Along with the hybrid GS 450h and previous GS 430 models, the V8-powered GS 460 offers the Active Stabilizer Suspension System for improved handling. Also, for 2008, the V6-powered GS350 now offers VDIM (Vehicle Dynamics Integrated Management), which was previously offered only on V8 and hybrid models. AVS (Adaptive Variable Suspension) is now an option on the V6 model as well.

In 2007, Consumer Reports dropped Lexus from 1st to 5th in their predicted reliability survey. The magazine blamed the 2006 first-year GS in the all-wheel-drive form, which had problems in integrity, body hardware and sound system, as the sole reason for the slip. Despite the reliability issues among 2006 GS models, the vehicle earned a Recommended rating from Consumer Reports for vehicle features and overall value for that year.

However, the problems have apparently been solved, and the GS AWD is now average.

In the U.S. the GS 350 begins at $44,150, while the GS 460 retails at $52,620.

GS 450h

Unveiled at the 2005 New York International Auto Show, the hybrid GS 450h (GWS191) joined the GS line for the 2007 model year. It is the first mass-production rear-wheel drive luxury hybrid car. Its powertrain includes a naturally-aspirated 3.5 L 2GR-FSE V6 engine mated to an electric motor and a continuously variable transmission. This powertrain makes use of the Lexus Hybrid Drive system of integrating electric and gasoline engine motors.

The GS 450h has a Super Ultra Low Emissions Vehicle emissions rating and an MSRP (including delivery) of $55,595. In some markets, however, the car can only be purchased with at least one option package, which raises the price by several thousand dollars. The rear-mounted battery also consumes significant trunk space, which was improved in 2009 when Lexus redesigned the trunk area to increase space by forty percent (30 liters larger).

The GS 450h is among the first Lexus vehicles to receive the Driver Monitoring System in certain markets. This safety system features an infrared steering wheel mounted camera which monitors driver attentiveness, sounding an alarm if danger ahead is detected and the driver is not paying attention.

The GS 450h weighs 1875 kg (4134 lb), but the combined hybrid powertrain produces 339 hp (253 kW), allowing the GS to accelerate to 60 mph (97 km/h) in 5.2 seconds. compared to the GS 460’s 5.4 seconds. U.S. Environmental Protection Agency-rated highway fuel economy is 25 mpg (8.4 l/100 km), while the city fuel economy is rated at 22 mpg, which is slightly unusual for hybrid vehicles of this type (as they normally have higher city fuel economy ratings).

75 Neiman Marcus Edition GS 450h sedans were offered as the annual holiday catalog car at a price of $65,000. All were sold in less than three hours on October 19, 2005 and were delivered around April 2006. The GS 450h went on sale in Japan on March 16, 2006.

Motoring journalist Jeremy Clarkson, a famous critic of hybrid vehicles and the Toyota Prius especially, admitted he loved the GS 450h. After claiming that you spent most of the time on the Prius chewing a lot of fuel and making a green statement, he described with the Lexus I drove up and down Piccadilly all day. It was great. He also felt that the GS 450h was balanced nicely by the styling, the quality and the sense that you really are in something a little bit different.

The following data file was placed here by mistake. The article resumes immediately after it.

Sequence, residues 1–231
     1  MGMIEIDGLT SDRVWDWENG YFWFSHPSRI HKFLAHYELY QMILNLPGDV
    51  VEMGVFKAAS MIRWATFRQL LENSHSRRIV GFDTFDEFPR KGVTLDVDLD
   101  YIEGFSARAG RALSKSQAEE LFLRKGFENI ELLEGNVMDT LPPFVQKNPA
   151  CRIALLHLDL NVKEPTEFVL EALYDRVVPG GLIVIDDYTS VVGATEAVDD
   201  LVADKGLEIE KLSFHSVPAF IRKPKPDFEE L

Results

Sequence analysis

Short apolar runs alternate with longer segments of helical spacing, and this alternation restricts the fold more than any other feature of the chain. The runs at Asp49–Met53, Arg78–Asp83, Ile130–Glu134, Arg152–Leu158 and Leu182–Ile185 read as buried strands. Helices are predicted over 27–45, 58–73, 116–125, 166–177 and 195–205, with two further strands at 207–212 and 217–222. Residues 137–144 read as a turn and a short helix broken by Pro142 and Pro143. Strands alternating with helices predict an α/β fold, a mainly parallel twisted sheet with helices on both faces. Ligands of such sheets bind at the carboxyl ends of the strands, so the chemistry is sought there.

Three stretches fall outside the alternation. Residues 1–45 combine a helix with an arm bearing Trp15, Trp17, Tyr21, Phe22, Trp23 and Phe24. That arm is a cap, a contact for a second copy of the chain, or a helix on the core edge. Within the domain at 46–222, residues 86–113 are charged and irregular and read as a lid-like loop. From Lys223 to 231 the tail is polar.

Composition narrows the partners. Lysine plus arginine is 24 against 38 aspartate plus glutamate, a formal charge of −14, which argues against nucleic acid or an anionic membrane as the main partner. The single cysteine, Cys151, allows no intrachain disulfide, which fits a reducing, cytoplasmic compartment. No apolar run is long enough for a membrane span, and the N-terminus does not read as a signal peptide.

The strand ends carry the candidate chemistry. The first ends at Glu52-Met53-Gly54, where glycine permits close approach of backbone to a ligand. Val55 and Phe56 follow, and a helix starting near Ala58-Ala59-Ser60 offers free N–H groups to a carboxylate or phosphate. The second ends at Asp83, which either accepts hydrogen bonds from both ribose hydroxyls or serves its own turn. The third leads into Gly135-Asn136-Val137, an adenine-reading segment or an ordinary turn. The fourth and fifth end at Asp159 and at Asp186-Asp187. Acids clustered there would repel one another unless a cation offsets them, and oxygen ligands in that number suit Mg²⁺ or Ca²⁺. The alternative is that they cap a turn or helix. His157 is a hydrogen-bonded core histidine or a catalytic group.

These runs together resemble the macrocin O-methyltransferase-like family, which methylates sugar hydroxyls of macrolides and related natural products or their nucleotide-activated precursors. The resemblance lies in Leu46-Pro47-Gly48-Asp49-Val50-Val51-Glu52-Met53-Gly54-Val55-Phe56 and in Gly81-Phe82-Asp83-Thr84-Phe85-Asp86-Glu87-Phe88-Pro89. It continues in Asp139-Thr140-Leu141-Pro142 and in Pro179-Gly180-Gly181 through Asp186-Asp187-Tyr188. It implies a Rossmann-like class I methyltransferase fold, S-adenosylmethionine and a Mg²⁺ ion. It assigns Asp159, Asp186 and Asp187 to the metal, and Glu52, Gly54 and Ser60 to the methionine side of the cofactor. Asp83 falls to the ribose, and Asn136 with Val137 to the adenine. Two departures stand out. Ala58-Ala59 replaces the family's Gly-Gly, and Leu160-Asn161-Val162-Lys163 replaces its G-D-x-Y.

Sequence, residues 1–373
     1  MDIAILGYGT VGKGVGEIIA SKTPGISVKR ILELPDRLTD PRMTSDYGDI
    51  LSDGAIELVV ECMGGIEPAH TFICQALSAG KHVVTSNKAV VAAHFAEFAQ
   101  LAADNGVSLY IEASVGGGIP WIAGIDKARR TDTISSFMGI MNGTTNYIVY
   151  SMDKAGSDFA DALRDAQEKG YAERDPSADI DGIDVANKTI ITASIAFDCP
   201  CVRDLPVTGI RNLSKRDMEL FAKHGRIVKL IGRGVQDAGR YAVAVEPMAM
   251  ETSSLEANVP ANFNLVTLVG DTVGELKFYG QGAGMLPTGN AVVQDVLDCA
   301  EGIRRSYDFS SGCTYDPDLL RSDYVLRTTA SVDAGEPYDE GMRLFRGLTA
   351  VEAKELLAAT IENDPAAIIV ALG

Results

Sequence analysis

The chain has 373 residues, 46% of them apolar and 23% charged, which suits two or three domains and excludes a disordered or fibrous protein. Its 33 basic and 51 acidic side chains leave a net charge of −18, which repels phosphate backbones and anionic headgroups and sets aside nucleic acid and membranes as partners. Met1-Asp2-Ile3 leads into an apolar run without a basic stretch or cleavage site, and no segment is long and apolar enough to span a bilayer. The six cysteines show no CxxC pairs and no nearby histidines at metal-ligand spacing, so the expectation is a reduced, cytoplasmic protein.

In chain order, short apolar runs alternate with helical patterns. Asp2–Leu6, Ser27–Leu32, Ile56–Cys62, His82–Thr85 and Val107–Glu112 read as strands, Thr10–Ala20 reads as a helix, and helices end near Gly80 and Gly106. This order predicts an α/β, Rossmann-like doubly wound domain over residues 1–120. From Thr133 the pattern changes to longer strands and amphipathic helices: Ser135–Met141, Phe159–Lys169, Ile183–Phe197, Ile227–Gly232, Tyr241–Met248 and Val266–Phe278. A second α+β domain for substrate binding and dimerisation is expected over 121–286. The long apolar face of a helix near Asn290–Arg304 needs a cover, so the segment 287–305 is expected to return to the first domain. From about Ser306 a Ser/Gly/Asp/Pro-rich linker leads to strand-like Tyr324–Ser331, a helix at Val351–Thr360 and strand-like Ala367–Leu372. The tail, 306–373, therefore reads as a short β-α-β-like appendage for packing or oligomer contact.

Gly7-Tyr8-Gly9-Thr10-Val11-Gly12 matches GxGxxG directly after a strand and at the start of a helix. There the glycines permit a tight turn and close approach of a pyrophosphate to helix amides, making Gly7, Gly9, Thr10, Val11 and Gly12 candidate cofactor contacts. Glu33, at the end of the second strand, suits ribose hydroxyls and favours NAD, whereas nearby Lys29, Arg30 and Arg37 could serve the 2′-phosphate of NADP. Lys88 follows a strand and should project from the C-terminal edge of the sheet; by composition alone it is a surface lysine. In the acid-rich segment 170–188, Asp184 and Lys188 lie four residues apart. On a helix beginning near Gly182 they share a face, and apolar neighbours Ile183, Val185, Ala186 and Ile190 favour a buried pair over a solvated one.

Clarkson also positively referred to the benefit of a hybrid car being exempt from the London congestion charge (for a £10 one off administration fee to register it).

The Lexus is now being used by the Wiltshire Police Constabulary in England as an unmarked police car.

GS F

Lexus is working on a high performance Lexus GS F, the second model in its current F marque line-up, joining its younger sibling, the Lexus IS F in the 2012 model year, along with the redesigned Lexus GS. The car, if approved, will potentially be powered by the high performance V-10 to be slotted into the Lexus LF-A (GT-F) supercar, producing over 500horsepower (370kW).

J.D. Power and Associates named the GS series the best midsize luxury car in initial quality for 2002, 2003, 2004, and 2005.

AAA named the third generation GS 300 the best car in its class for 2005.

Consumer Reports awarded the Lexus GS as the highest ranked vehicle in predicted reliability in the luxury car class in 2005.

The GS 450h’s Lexus Hybrid Drive system was the recipient of the annual Paul Pietsch Prize for Advanced Technology in 2007, awarded by technical editors of Auto Motor Und Sport publications.

The Lexus GS 450h was named the winner of the 2007 IF product design award from the International Forum Design group in Hannover, Germany.

German automotive magazine Auto Bild selected the GS 450h for its Auto 1 award for best sedan in 2007.

Smart Money magazine named the Lexus GS the best luxury sedan for the 2003-2004 model year. In 2005, the magazine named the GS its Best New Car Value.

The GS series was named most appealing midsize luxury car by J.D. Power and Associates in 2001.

The first generation GS series was named to the Top Ten in Initial Quality list by J.D. Power and Associates in 1994.

Kelley Blue Book gave the GS series its Best to Hold Value Award in 1998, 1999, 2000, and 2001.

The second generation GS was named Import Car of the Year by Motor Trend in 1998.

Car and Driver named the second generation GS to its Ten Best list in 1998, 1999, and 2000.

Production and sales data for Lexus GS generations are as follows. Production figures are not yet available for 2006 onward. Sourced from manufacturer production information, along with sales data.